Don Rosa: It feels like a gigantic practical joke, as if you all got together one day and whispered "Let's make him think he is famous".
Also known as "Big in Japan". A version of the Ensemble Dark Horse, where interest in a character (or an entire work) is sparked by an audience well-divorced from the production source, particularly if the show is released in other countries. Places with different cultural baggage often hook onto different characters and plot elements, whether or not these are the ones pushed by the story. This is even more of a gamble when one character's personality and motivations have a direct tie to the culture of origin.
In addition, what may be considered a bog-standard genre piece in the home country may be considered new and exciting in a country that hasn't been exposed to the particular genre yet.
Since many companies get paid by foreign distributors simply for the right to air, how shows do overseas is not always of direct concern to the original producers. Other times, these characters are not tightly connected to a single story and are more an owned property, and may get their own storylines released more or less exclusively in certain countries.
The trope is named for Norm Macdonald's punchline during his "Weekend Update" sketches on Saturday Night Live, which he'd go out of his way to include David Hasselhoff, the Baywatch actor/producer, who was popular in Germany for his work as a singer in the late 1980s/early 1990s, particularly for being in the right place at the right time doing the right thing, which was being in Berlin at the fall of the wall promoting his new album via a concert tour, which included a popular song he had changed to be about peace and togetherness; he has had seven albums go platinum there. It's also the case that Germans in particular tend to be positively disposed towards anyone with a German name; for example at one time they were very big on English crooner Arnold Dorsey, who used the stage name Engelbert Humperdinck. (Hasselhoff's popularity has since waned, however, though Dirk Nowitzki, flag-bearer for Germany in the 2008 Summer Olympics and NBA star, claims he hums Hasselhoff songs at the free throw line)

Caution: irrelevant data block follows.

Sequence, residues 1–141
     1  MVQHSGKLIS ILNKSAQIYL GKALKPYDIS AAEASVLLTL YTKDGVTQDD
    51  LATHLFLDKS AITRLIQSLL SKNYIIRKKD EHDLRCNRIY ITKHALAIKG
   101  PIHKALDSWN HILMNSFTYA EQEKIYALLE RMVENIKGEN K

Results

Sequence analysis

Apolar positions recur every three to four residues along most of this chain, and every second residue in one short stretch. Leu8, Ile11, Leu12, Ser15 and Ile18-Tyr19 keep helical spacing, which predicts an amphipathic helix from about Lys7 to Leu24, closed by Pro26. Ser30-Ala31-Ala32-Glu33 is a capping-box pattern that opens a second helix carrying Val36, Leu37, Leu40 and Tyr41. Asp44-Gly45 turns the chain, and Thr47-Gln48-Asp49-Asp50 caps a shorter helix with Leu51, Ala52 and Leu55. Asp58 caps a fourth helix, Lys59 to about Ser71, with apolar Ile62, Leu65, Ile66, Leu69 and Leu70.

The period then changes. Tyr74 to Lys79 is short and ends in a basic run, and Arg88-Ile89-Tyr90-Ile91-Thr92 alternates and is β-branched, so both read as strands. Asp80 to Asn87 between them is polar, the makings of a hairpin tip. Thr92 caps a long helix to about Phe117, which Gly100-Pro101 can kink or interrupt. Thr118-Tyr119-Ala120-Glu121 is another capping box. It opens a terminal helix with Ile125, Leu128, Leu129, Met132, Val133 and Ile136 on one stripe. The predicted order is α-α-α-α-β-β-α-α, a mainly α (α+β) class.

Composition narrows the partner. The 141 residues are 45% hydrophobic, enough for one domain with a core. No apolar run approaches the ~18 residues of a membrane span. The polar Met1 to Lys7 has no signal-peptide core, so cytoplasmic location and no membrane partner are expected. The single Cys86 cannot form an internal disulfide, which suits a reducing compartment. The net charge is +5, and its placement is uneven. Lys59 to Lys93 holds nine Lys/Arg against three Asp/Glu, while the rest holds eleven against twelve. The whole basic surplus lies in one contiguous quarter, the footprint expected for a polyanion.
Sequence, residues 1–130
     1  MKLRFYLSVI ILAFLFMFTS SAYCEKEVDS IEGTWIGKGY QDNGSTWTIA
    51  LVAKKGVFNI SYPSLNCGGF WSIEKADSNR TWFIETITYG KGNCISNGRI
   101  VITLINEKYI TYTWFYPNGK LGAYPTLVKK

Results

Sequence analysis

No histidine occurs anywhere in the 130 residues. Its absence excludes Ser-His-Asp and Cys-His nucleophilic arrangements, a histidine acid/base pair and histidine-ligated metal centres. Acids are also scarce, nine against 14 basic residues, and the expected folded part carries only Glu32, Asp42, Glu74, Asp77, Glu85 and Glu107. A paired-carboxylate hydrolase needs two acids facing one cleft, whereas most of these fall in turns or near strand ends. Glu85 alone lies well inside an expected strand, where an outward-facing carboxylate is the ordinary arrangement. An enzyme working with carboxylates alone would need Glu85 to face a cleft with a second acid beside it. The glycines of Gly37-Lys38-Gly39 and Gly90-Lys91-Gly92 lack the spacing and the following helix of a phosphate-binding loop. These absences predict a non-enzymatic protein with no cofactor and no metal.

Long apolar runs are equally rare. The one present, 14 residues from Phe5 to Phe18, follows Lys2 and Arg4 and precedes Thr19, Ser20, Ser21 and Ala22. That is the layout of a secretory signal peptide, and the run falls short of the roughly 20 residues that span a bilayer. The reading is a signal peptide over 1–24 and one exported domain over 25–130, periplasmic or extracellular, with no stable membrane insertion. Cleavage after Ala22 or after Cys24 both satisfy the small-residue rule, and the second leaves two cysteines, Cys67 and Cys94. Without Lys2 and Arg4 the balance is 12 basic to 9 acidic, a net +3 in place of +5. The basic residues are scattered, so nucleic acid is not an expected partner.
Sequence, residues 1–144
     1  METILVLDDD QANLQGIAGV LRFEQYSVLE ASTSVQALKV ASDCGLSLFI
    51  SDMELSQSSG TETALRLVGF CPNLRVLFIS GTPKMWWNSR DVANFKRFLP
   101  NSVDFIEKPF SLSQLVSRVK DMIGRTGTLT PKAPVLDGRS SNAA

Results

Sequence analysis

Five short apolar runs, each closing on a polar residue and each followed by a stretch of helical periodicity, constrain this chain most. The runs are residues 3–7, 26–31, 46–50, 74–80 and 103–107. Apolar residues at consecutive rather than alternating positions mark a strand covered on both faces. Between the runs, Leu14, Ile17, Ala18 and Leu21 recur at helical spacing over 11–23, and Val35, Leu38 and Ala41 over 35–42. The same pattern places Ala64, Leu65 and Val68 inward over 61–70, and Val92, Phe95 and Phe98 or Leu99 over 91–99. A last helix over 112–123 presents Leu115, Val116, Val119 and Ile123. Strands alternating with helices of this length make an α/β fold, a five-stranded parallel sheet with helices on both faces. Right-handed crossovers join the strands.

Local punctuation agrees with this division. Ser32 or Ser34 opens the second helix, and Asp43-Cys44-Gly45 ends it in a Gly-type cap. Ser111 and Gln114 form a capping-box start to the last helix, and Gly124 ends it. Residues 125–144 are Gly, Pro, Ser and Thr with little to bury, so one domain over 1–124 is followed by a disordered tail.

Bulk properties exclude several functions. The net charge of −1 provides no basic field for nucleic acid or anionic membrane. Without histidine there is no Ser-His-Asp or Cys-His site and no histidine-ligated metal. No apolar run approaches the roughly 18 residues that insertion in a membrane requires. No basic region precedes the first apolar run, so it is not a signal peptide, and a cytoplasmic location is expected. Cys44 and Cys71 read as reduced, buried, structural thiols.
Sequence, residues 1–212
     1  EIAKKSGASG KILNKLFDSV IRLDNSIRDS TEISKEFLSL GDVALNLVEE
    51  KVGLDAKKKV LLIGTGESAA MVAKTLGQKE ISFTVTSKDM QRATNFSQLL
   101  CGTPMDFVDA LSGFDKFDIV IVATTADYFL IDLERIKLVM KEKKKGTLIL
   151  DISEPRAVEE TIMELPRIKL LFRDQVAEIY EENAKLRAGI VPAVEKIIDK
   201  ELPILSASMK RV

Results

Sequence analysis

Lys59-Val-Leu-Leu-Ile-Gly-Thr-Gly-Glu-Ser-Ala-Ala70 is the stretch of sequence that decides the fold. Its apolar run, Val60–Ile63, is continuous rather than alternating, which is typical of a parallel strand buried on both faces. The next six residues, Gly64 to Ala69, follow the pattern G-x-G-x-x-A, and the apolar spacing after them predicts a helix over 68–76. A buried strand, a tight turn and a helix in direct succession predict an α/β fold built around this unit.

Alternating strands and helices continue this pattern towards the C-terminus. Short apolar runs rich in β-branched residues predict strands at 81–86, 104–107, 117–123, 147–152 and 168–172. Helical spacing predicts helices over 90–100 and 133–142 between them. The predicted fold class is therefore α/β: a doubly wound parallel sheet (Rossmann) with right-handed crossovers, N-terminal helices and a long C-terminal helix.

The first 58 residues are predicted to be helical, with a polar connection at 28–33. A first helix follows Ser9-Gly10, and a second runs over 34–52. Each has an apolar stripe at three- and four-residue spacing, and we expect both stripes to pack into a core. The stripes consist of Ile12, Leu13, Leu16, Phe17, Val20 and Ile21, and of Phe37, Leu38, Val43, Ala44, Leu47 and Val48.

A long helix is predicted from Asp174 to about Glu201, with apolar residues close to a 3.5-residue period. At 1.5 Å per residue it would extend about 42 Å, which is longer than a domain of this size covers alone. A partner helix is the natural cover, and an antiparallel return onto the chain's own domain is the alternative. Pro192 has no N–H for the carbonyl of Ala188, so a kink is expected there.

The opposite of Americans Hate Tingle (where something that's popular in its home market becomes loathed abroad, usually by getting a particularly vehement and widespread Hatedom in one specific country) and at once the Super-Trope and the inversion of Never Accepted in His Hometown (where something is popular in any place other than its original country/city).
It's also not uncommon that an over-looked product or person becomes popular in a foreign country for monetary reasons: Broadcasting a show or song that was not popular in its country of origin is usually cheaper, so channels are prone to re-run these cheap products. If this is the case, then it over-laps with Vindicated by Reruns.
Superlative Dubbing, Woolseyism, Cultural Translation, Dub-Induced Plotline Change, and Redubbing are not uncommon causes of this, where the translated version is actually better than the original.
See also Periphery Demographic, Japandering and Cultural Cringe. Alien Arts Are Appreciated is the Speculative Fiction version. Mexicans Love Speedy Gonzales is this trope crossed over with Actually Pretty Funny. If this trope spreads to every other nation, then it can overlap with the Real Life version of Take Over the World.
Contrast with Americans Hate Tingle and Banned in China.
In case you're wondering, the equivalent on the German translation of TV Tropes is "Americans Love Rammstein".
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